The 2018 Tour De France begins on the 7th July running until the 29th July. In what will be the 105th edition of the Tour, riders will be cycling almost entirely within French borders which is one of the unique aspects of this particular Tour.
One tactic you are likely to see during the Tour De France is the breakaway. To those of you not too clued up on your cycling knowledge, this might be an unfamiliar term. In this article we will explain what the breakaway is all about.
What Is A Breakaway?
A breakaway is an attack by an individual rider or group of riders on the peloton, in an attempt to take the lead in a quick fashion and maintain the lead for the duration of the stage/race.
They are usually unsuccessful and may well be attempted several times in one stage or race. The peloton ordinarily doesn’t chase the breakaway, preferring to keep to a steady and constant pace, reserving valuable physical and mental energy.
Breakaway Riders Tour De France 2018 – Why Do Riders Use The Breakaway Tactic?
Breakaways may happen for many reasons, but they are usually carried out by those riders who aren’t gifted as specialist mountain climbers or sprinters. Breakaway enthusiasts are a special, opportunistic breed of cyclist.
Obviously, cyclists will deploy the breakaway tactic to get into a leading position, but there are other reasons for this tactic too.
- Firstly, a breakaway can result in the riders accumulating mountain or sprint classification points for themselves.
- It can also take points away from the challengers to leading riders of the breakaway’s team.
- A less obvious reason for the breakaway tactic is to give valuable air time to rider’s sponsors. In the flat stages, this is quite often the reason for breakaway attempts.
Breakaway attempts are used pretty much from the get-go in most races. In most situations a breakaways’ success or otherwise is determined by the peloton and top contenders. If riders involved in the breakaway attempt offer any kind of threat to the General Classification, the peloton simply won’t allow the breakaway riders to get through.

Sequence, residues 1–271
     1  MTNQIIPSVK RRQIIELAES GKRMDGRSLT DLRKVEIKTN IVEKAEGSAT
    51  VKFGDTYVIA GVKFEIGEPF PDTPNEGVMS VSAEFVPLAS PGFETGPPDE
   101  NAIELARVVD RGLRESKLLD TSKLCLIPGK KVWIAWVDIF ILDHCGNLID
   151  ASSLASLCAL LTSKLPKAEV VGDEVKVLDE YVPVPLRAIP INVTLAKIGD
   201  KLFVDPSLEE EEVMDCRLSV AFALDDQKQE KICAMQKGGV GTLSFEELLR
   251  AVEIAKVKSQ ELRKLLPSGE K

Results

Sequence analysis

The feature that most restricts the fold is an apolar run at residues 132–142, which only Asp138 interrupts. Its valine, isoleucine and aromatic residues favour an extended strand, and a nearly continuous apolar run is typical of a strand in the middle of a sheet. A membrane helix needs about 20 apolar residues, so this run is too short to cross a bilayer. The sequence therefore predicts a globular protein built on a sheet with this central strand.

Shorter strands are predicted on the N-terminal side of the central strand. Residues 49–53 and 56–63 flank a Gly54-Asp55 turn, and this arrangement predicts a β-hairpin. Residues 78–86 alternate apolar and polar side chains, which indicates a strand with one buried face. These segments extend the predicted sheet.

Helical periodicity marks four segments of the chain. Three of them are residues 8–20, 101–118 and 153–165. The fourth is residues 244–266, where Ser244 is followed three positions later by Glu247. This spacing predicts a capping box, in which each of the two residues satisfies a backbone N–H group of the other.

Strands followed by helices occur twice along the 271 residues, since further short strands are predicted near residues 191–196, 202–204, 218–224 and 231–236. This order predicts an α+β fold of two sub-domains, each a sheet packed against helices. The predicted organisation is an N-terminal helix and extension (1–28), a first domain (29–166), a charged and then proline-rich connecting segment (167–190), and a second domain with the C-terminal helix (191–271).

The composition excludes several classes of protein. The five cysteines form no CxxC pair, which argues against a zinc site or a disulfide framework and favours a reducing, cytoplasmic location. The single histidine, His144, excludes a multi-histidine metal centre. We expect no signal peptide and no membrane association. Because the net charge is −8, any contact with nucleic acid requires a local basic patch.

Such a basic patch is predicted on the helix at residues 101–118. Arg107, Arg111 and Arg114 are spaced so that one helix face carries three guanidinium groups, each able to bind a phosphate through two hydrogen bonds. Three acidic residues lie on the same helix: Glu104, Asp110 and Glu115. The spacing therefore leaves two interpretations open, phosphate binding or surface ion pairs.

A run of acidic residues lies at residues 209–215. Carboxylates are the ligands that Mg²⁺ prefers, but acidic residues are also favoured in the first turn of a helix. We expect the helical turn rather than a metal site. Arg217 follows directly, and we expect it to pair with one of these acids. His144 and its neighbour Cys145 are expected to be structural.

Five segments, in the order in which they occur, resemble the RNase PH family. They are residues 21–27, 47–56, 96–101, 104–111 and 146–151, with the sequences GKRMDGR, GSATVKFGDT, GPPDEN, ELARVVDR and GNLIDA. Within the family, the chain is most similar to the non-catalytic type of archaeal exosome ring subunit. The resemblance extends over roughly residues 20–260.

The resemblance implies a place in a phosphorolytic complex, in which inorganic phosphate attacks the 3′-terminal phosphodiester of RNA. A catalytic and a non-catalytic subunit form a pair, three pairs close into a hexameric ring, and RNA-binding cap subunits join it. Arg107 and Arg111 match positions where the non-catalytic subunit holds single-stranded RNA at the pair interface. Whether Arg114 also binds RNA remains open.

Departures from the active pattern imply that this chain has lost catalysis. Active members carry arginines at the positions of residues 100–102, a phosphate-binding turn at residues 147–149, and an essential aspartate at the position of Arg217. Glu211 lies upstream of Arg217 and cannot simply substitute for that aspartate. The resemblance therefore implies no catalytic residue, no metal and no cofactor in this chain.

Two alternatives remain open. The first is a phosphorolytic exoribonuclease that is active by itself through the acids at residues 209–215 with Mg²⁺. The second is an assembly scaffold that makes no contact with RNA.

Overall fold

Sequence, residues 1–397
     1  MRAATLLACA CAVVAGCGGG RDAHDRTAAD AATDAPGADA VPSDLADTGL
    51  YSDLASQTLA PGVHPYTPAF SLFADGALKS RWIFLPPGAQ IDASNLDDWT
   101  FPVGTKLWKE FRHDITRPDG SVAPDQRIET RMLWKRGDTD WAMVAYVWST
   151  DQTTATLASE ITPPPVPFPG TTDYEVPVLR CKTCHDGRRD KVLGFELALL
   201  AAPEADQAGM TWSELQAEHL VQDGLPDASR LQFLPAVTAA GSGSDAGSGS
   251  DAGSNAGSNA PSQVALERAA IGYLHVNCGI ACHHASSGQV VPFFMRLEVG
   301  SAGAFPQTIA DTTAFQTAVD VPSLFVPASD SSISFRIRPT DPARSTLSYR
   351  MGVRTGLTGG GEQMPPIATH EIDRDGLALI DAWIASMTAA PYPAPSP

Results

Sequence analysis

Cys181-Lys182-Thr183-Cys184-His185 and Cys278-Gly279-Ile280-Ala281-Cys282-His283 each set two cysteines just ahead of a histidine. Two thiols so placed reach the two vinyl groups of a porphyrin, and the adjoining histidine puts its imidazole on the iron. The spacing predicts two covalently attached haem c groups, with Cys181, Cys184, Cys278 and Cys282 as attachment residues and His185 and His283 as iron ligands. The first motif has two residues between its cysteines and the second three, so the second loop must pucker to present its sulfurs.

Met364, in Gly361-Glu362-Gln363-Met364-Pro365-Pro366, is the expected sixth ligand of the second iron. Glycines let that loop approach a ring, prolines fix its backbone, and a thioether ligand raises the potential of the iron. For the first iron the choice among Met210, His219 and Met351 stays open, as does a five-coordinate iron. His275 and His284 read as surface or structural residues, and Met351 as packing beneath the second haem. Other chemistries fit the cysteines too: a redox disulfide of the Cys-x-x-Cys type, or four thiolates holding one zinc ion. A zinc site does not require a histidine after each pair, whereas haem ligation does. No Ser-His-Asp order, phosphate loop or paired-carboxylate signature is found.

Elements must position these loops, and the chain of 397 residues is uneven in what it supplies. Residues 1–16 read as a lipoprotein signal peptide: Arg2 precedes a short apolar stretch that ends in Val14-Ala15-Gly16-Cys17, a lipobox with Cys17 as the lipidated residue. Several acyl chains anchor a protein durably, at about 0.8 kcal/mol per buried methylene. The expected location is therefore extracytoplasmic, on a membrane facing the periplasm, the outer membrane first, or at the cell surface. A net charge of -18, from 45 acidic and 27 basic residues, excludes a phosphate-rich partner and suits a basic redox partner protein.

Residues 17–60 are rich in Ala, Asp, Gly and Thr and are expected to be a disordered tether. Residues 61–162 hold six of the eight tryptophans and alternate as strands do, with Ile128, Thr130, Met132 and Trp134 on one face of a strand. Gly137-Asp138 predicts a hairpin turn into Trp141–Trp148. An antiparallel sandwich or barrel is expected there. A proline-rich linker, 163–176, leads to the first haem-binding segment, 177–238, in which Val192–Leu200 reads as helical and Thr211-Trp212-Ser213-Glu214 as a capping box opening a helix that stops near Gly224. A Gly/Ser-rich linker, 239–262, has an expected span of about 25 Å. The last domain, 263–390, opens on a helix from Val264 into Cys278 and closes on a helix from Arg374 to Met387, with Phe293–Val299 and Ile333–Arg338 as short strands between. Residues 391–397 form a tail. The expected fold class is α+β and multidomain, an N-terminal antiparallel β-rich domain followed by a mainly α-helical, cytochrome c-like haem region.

However, in other circumstances, the tactic by the top contenders might be different. For instance, early in a tour, the main contenders may allow certain riders to take the lead and subsequently, those riders will have to defend the lead in the days ahead. Obviously, this is a very physically demanding task and it is more than likely that the breakaway riders will fall short as the Tour progresses.
Can Breakaways Be Successful?
Typically, breakaway attempts are doomed to failure – unless the top contenders have made a strategic decision to allow it – and by the final 5km or so of a stage or race, the breakaway riders are usually caught.
You might be asking why they even bother. The vast majority of the time the breakaway attempt simply will not succeed, but there is a possibility, albeit a very small one, that the breakaway will be successful and that is why the tactic is used.
Essentially, the breakaway riders would have no chance of winning at any stage of the Tour De France if they didn’t attempt the breakaway. It’s a choice between no chance at all and a very slim chance of victory.
So, if you are watching the Tour De France and see a group of riders ahead of the main peloton, or you see a sudden sprint of relatively unknown riders heading towards and away from the main peloton, you now know what is happening!
Currently, we couldn’t find any bets relating to the Tour De France and breakaways, but we are sure some betting markets of this kind will emerge over the coming weeks.